Consecutive sections of 22L infected and Mock exposed slices 9 weeks p.i. were imaged for vacuole formation (Figure 4). Consistent with in vivo vacuolization patterns (Kim et al., 1990a), spongiform changes were also apparent in the gray matter, particularly in molecular and Purkinje cell layers of 22L infected organotypic cerebellar slices. No vacuolation was observed in Mock exposed slices imaged using the same settings (data not shown). Confocal immunofluorescence analysis of 22L infected slices 9 weeks p.i. (~10 μm from the top of the slice) demonstrated a substantial reduction in β-3-tubulin immunoreactivity compared to Mock exposed slices, indicative of neuronal loss (Figure 5A). Numbers of Purkinje cells appeared reduced upon prion infection (Figure 5B). Purkinje cells in Mock exposed slices exhibited a well-defined arborization penetrating into the molecular layer of the cerebellum. By contrast, arborizations of Purkinje cells in 22L infected slices appeared degenerated. An increase in GFAP immunoreactivity was observed in prion infected compared to Mock exposed slices (Figure 5C). Concomitantly, the number of iba-1 positive microglia increased in 22L infected slices (Figure 5D). In summary, characteristic hallmarks of prion diseases including spongiform changes, Purkinje cell degeneration, astro- and microgliosis were reproduced in 22L infected organotypic cerebellar slices from C57BL/6JRj mice.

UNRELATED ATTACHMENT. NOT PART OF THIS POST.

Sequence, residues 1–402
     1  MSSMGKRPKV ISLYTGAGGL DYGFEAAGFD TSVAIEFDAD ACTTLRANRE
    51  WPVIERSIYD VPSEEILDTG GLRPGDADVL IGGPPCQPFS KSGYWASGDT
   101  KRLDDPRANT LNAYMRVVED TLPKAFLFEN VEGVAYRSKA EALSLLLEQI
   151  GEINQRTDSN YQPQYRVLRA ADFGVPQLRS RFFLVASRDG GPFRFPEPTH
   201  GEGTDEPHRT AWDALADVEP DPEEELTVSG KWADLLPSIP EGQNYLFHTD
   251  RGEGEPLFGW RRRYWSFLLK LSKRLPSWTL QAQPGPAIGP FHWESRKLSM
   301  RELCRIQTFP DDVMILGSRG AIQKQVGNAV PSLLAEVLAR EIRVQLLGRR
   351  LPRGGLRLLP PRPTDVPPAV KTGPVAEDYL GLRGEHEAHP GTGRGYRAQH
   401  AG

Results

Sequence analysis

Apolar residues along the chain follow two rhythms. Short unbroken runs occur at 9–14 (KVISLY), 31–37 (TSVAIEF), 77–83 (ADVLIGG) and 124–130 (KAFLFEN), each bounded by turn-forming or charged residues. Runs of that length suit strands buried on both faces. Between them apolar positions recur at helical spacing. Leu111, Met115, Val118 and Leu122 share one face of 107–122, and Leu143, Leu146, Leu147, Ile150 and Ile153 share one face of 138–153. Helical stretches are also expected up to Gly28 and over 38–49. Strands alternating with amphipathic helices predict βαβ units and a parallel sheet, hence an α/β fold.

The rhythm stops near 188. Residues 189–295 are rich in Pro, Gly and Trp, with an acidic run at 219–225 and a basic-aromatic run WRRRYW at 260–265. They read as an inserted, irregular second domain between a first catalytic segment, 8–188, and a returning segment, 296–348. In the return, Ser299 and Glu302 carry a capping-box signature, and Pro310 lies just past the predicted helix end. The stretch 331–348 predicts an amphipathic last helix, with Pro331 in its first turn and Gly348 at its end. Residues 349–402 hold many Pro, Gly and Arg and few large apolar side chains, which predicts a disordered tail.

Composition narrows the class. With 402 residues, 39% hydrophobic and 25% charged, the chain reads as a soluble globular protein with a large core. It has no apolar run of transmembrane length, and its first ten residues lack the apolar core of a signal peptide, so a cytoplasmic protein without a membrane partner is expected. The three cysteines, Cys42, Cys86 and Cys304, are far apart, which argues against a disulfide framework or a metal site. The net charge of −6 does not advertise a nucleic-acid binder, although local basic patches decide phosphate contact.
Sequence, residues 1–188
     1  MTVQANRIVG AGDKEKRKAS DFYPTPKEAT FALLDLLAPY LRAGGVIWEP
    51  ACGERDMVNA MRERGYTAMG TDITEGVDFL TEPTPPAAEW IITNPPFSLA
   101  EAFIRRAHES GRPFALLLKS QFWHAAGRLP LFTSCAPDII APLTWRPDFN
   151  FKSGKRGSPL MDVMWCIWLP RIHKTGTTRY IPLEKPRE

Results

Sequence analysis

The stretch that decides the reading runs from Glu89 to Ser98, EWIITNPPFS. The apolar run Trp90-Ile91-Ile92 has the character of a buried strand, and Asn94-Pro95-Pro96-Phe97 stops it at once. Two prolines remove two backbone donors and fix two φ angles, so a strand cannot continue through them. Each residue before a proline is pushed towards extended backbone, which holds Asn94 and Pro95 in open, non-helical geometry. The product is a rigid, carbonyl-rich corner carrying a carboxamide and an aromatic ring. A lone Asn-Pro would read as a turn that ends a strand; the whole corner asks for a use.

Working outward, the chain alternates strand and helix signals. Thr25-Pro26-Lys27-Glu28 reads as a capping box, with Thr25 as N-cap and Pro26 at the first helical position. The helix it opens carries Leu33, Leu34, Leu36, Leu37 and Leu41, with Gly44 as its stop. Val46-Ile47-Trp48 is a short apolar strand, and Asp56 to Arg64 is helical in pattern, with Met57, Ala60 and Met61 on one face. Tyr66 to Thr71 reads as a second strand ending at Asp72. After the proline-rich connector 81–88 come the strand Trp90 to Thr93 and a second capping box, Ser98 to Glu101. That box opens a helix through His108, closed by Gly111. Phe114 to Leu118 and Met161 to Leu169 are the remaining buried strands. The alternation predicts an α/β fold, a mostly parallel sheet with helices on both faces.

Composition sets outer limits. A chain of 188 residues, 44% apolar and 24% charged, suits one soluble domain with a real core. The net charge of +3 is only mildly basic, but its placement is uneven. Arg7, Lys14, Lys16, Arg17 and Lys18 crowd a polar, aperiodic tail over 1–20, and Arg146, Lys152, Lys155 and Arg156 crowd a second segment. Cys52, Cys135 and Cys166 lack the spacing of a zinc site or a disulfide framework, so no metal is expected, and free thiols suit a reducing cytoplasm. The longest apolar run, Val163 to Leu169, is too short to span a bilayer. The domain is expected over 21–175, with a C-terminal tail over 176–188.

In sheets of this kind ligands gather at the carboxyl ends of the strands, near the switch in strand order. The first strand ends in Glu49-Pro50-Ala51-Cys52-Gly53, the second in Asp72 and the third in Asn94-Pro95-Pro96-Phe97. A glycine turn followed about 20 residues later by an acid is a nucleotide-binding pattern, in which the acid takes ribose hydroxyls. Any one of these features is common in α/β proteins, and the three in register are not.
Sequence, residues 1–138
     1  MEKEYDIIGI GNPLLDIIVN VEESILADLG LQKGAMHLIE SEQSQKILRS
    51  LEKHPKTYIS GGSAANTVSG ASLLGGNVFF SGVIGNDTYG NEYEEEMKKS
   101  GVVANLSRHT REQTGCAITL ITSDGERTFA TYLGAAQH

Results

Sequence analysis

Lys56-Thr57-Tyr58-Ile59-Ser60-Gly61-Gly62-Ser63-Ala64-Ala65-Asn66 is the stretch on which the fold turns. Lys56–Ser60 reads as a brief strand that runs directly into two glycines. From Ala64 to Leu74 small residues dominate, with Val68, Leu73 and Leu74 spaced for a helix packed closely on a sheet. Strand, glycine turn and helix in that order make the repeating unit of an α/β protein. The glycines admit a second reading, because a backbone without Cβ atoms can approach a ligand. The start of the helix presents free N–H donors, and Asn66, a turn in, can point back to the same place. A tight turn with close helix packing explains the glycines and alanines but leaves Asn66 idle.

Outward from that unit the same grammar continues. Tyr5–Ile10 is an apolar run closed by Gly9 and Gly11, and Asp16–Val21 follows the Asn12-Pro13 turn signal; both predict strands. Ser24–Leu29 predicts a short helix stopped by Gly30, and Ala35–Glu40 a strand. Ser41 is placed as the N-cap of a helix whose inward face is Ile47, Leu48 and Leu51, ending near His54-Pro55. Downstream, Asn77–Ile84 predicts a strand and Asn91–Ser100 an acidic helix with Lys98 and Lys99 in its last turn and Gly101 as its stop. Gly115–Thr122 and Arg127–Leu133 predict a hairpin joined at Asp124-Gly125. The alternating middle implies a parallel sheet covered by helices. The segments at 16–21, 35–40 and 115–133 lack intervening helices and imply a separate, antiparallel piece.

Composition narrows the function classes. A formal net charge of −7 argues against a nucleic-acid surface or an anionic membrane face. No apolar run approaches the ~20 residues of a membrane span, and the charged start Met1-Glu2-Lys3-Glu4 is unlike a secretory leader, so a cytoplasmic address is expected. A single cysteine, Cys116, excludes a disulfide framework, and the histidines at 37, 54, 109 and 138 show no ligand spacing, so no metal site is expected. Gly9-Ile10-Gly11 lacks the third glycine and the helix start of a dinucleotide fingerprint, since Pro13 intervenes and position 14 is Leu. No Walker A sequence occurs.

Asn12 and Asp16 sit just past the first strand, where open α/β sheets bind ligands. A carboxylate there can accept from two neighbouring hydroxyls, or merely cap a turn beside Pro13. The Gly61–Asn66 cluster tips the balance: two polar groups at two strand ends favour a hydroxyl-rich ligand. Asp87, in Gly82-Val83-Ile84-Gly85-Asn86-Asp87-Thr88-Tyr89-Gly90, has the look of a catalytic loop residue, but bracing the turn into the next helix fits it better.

FIGURE 4
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Figure 4. Spongiform changes in cerebellar slices 9 weeks post exposure to 22L prions. Following antigen denaturation, PrPd was detected with mAb 4H11 (green), Purkinje cells were detected using anti-calbindin mAb (red). Nuclei were counterstained with Hoechst. Cerebellar slices exposed to Mock brain homogenate served as controls (data not shown). Samples were analyzed by confocal microscopy using the tile scanning and z-stack functions with identical imaging settings. Consecutive sections through the slice were imaged every 0.9 μm from the bottom to the top. Shown are nine consecutive sections from the z-layer of the slices. Arrows mark vacuolations. Scale bar: 50 μm.

FIGURE 5
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Figure 5. Neuropathological changes in 22L infected cerebellar slices. Slices exposed to Mock or 22L brain homogenate were cultured for 9 weeks. PrPd was detected following antigen denaturation using mAb 4H11 (green). (A) Neurons were stained with pAb anti-β-3-tubulin (red). (B) Purkinje cells were labeled with mAb against calbindin (red). (C) PAb anti-GFAP was used to stain astrocytes (red). (D) Microglia were detected with pAb anti-iba-1 (red). Nuclei were counterstained with Hoechst. Molecular and Purkinje cell layers of folia IX were imaged by confocal microscopy using the tile scanning function with identical imaging settings for each sample group. Scale bar: 50 μm.

PrPd Localizes in the Neuropil Associated with Astrocytes and Microglia